Orlando Moore and Portia Ravenelle were supposed to return to New York from the Dominican Republic on March 27, but their family hasn’t heard from them since they first left on March 23.
The day before they were scheduled to leave the Dominican Republic, Moore and Ravenelle, participated in island excursions with two fellow travelers.
In an interview with CNN, Canadian tourists recounted the final hours they spent with Moore and Ravenelle before the couple went missing.
While police aren’t sure exactly what happened in the moments before the couple went missing, Canadian couple Cheryl Freeman and Carter Warrington may have been the last people to see Moore and Ravenelle.
“They were very sweet people,” Freeman, of Halifax, Nova Scotia, told CNN. “Orlando is so friendly he could make friends with anyone.”
Like Moore and Ravenelle, Freeman and her boyfriend, Carter, also stayed at the Grand Bahia Principe Cayacoa, an all-inclusive Dominican Republic resort. According to Freeman, the two couples first met on March 25 when they took a cart ride from their villas to the breakfast buffet.
During breakfast, the couples quickly bonded and exchanged emails so they could meet up the next day.
On Tuesday, March 26, the couples spent time by the pool drinking piña coladas. Once it started to rain, the couples decided to separate and meet back up around noon to go see a waterfall.
A friend of the resort’s bartender took the couples horseback riding up a mountain and down to a waterfall.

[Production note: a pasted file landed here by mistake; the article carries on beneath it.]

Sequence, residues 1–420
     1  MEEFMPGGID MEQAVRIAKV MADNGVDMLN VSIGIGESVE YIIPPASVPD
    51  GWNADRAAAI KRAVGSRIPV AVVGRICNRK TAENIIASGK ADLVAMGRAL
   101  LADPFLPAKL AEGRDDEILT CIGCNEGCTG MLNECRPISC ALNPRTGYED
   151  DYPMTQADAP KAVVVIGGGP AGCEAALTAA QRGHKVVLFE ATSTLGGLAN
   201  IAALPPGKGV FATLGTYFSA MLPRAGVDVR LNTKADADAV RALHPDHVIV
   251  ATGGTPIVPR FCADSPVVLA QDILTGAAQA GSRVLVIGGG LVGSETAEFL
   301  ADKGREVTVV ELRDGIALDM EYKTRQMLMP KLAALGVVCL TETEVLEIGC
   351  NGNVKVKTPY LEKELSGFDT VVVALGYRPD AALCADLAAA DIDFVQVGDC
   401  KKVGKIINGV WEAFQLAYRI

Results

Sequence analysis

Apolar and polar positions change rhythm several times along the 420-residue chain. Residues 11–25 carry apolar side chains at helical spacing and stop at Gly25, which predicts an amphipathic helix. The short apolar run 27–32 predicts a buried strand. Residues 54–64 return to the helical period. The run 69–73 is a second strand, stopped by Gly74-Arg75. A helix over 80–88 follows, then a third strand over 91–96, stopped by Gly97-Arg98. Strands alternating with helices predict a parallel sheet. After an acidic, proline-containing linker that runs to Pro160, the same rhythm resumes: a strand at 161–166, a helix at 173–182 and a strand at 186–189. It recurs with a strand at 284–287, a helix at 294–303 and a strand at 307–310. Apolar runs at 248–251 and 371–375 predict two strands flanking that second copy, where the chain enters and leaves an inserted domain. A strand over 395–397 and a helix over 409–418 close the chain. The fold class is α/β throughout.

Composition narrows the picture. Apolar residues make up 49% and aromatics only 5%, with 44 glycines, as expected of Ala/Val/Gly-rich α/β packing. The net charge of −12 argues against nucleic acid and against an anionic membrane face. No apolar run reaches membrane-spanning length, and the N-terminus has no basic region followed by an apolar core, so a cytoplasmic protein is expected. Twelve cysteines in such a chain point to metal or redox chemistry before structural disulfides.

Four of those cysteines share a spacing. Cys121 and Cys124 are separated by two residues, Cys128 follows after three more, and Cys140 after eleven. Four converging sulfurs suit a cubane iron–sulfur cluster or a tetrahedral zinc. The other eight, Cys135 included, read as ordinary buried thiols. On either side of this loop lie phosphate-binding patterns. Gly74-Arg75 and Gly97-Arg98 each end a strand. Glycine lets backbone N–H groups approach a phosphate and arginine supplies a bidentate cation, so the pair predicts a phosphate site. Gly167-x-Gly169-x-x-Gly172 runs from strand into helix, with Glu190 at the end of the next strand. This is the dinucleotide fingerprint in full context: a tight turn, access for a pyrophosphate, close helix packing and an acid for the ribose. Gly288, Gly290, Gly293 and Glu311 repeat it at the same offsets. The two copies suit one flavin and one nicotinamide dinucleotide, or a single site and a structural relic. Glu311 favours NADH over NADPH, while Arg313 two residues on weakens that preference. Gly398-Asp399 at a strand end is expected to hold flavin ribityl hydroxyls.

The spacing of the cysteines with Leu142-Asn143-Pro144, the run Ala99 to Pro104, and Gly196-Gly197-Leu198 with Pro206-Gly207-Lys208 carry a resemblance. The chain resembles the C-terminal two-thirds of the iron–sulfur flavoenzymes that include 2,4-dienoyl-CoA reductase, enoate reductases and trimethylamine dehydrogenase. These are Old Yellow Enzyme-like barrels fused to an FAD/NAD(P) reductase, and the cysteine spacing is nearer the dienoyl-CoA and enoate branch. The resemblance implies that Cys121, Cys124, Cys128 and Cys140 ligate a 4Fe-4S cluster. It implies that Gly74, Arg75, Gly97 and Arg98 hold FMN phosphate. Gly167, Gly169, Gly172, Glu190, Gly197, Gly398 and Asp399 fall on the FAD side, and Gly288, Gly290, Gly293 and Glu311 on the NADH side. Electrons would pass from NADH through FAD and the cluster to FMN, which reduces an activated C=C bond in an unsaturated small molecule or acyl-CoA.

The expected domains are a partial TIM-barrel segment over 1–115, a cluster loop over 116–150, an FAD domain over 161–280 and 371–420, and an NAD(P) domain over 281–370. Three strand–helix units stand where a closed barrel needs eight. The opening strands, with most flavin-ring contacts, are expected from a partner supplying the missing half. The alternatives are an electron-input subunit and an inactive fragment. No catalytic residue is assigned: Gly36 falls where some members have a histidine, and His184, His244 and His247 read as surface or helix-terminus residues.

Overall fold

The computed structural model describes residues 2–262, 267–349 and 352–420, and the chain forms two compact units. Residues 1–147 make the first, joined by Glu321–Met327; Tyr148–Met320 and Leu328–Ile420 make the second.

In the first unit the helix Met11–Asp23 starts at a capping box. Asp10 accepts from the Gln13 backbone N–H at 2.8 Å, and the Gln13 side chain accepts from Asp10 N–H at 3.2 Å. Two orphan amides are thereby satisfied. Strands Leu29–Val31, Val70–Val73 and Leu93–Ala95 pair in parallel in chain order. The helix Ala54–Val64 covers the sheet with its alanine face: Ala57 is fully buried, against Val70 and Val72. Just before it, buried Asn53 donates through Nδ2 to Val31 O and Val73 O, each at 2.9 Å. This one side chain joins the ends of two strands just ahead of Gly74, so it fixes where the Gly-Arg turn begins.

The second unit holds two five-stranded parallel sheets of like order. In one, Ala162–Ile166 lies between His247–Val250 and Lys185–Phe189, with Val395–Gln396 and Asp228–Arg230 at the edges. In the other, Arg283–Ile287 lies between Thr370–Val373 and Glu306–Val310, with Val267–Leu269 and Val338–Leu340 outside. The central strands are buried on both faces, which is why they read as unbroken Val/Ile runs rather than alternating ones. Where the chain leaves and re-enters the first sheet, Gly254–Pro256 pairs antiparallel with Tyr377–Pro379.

Although the couples snapped many gleeful photos in front of the waterfall, Freeman did notice that Revenelle had some anxiety about their flight home.
According to Freeman, the couple’s flight was scheduled to depart around 2 a.m. out of Santo Domingo, which was about 100 miles from their resort. The couple rented a car to go to the airport, but Ravenelle expressed concerns about driving at night.
Freeman said Ravenelle told them the rental company warned them to not stop or open their windows for anyone because the locals, who know which cars are rentals, try to mug tourists.
After both couples left the waterfall excursion and returned to the hotel, they separated for dinner and agreed to meet around 8:30 p.m. to go to a disco in Samana.
At the bar, Ravenelle voiced more concerns about traveling to the airport and returning the rental car. Freeman understood Ravenelle’s fears because she also experienced troubling incidents as a tourist in Samana.
Locals "harassed you constantly and there were always people trying to get you to follow them and do stuff," she told CNN. "I would not recommend it."
Once the couples returned to the resort for the final time around 10 p.m., they hugged goodbye in the lobby and promised to exchange photos over email.
"They invited us to come see them in New York and we invited them to Nova Scotia for later in summer,” Freeman said.
After the couple left, Warrington sent Moore an email wishing them a safe flight, but he never heard back from them.
It wasn’t until March 31 when Freeman began receiving emails from Ravenelle's family that she realized the couple never returned home.
When it comes to the safety of the resort, Freeman said there was a security guard armed with a rifle guarding her villa every night at the hotel. She also said the public could access the resort via the beach.
Freeman said no law enforcement agencies have contacted her about the couple’s disappearance.